GILLESPIE: Wolf, the only politicization we've seen relative to national security in this entire debate has been Democrats accusing Republicans of politicizing the war when in fact they're not.

The timing of this discussion over Iraq is driven by national security concerns, by intelligence reports, by foreign affairs. And in fact it was the Democrats, over the summer, in August, who demanded that the president come to the Congress, present a resolution, make the case for the case against Iraq and for regime change.

The moment he started to do that in response to their demand for that, they started crying foul and saying he's trying to politicize it. And in fact, I saw one quote from...

PODESTA: That's just not --- I can't let that go. GILLESPIE: John, if I might finish, if I might finish. I saw a quote from one Democrat Senate aide saying, you know, "The problem we have is Paul Wellstone is in a tough race and we're afraid that he would vote against an Iraqi resolution. We have to move the timing of this to after the election to protect him or else at least put an alternative on the floor to protect him." That's politics, and it's pretty crass.

PODESTA: That's good spin, Ed, but it's just not the facts.

GILLESPIE: Read the New York Times, John. You read it more than I do.

PODESTA: Ed, the leaders -- I waited for you. You wait for me.


PODESTA: The leaders of our party never made that claim until the president went out and said that they were not interested in national security. And I think that that was unfortunate. He's gotten great support from Congressman Gephardt. I think Senator Daschle's asking the tough questions.

And I think the American people are frankly quite glad that Democrats said bring this debate to the Congress, bring it to the U.N., let's build an international coalition so that we'll have support around the world and which will, I think, give us a support in the other war against terrorism.

BLITZER: All right, gentlemen, we're going to have to leave it right there unfortunately.

John Podesta, Ed Gillespie, the politics of this potential war with Iraq, a lot of those politics will become clear in the weeks ahead looking forward to the November election. Thanks to both of you.

Now time for Bruce Morton's essay on the president's, quote, "about-face."


BRUCE MORTON, CNN CORRESPONDENT (voice-over): During the 1990s, Americans incomes mostly rose and the gap between rich and poor narrowed. But last year, the Census Bureau said the number of Americans officially living in poverty went up for the first time since 1993 and the typical household's income went down.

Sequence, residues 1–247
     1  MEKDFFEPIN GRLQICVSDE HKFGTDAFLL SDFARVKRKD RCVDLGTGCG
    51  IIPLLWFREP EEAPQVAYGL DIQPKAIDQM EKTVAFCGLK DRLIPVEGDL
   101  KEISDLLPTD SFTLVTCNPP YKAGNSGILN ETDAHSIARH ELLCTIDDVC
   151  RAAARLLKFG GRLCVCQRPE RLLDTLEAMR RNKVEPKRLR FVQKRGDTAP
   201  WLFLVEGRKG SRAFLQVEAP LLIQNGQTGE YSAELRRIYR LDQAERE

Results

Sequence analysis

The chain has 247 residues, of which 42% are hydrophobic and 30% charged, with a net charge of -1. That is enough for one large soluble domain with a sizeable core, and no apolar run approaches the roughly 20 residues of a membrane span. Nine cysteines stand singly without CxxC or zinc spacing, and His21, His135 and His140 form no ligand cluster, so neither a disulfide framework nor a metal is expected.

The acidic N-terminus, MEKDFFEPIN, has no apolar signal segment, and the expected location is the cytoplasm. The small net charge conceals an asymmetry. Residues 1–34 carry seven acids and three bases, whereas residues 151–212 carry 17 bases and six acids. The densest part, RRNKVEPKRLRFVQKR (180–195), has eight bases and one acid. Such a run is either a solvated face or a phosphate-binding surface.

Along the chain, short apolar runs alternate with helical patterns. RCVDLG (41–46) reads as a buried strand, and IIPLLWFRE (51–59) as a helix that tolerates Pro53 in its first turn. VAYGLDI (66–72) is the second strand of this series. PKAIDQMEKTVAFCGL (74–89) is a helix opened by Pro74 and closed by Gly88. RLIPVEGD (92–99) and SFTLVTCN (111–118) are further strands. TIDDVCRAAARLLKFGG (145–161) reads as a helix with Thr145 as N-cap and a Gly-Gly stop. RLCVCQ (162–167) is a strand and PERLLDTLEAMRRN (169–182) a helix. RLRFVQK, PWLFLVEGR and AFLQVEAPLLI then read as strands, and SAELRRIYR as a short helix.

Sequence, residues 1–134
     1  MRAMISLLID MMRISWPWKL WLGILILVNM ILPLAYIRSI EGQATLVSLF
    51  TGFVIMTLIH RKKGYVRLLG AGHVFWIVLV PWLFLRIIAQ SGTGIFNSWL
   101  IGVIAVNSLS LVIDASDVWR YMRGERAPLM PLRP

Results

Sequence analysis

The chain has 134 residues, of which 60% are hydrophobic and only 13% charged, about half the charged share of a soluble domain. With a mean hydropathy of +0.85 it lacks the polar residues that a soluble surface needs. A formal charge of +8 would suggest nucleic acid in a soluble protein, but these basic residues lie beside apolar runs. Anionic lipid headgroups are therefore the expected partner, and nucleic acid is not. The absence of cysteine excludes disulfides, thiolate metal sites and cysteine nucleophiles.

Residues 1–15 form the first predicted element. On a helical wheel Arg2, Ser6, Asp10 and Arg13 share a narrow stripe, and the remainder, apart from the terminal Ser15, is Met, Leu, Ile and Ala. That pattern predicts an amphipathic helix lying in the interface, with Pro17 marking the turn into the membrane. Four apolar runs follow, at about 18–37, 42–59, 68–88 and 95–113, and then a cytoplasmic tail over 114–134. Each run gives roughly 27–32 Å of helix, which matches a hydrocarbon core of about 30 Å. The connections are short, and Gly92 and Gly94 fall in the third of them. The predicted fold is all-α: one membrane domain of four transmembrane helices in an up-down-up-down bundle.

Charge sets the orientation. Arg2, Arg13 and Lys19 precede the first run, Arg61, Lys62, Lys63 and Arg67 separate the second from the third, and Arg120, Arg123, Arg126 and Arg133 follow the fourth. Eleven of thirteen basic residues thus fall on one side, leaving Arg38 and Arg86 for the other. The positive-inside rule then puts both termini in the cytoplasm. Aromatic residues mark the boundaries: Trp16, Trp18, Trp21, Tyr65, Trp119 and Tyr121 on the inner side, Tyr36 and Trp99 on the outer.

1.3 million more Americans became officially poor last year, the Bureau said, so that it's 11.7 percent of the population officially in poverty, compared with 11.3 percent in 2000. The government's poverty level for a family of four is roughly $18,000.

As for incomes, the Census Bureau said median household income dropped by 2.2 percent in 2001, down to 42,228 inflation-adjusted dollars. It's the first drop since 1991. It hit all but the richest households and every region except the Northeast. The West and Midwest were most affected.

The Census Bureau's data doesn't count capital-gains losses. Those would presumably hit high-income families hardest, since they would probably have the biggest investments.

All this might add up to an issue in this fall's political campaign, but don't count on it. President Bush mostly talks these days about the war he wants, and apparently will get, with Iraq.

BUSH: The United States and our friends will act, because we believe in peace. We want to keep the peace.

MORTON: He may not be a whiz at perking up the economy, but his assurance about world affairs is extraordinary. He knows, as the national security statement he issued last weekend shows, what's best for everybody, and yes, it looks pretty American.

People everywhere, the statement says, want to be able to speak freely, choose who will govern them. "These values of freedom are right and true for every person in every society."

A theocracy? A monarchy? A council of elders? No, the American way is best for everybody, it seems.

And America, as the same statement makes clear, has the right to strike the first blow and attack anyone it wants to attack. Quote, "We will not hesitate to act alone, if necessary, to exercise our right of self-defense by acting preemptively." You'd think that would trigger a big debate, but it hasn't.

Polls show people are uneasy. Majorities want the U.S. to have allies in a war with Iraq, or not have one. But Congress seems prepared to give the president about what he wants, nevermind that this doctrine is a radical departure from the rules the U.S. has lived by in the past.

Traditionally, conservatives were the ones who wanted to keep things more or less as they are. But as David Broder pointed out in The Washington Post a few days ago, the president isn't one of those conservatives. He marches to a new and more radical drummer. And the Congress seems inclined to follow, marching as to war.

I'm Bruce Morton.





BLITZER: Welcome back.

Time now for our "Final Round." Joining me, Donna Brazile, the Democratic political strategist; Peter Beinart of the "New Republic;" Jonah Goldberg of the National Review Online; and Robert George of the "New York Post."

The question of what to do about Saddam Hussein is expected to come to a head in Congress this week. The Senate is scheduled to debate the issue of a resolution that would authorize the United States to use military action to remove the Iraqi leader if necessary.

Earlier today Republican Senator John McCain of Arizona told me he expects the Congress to grant President Bush's request.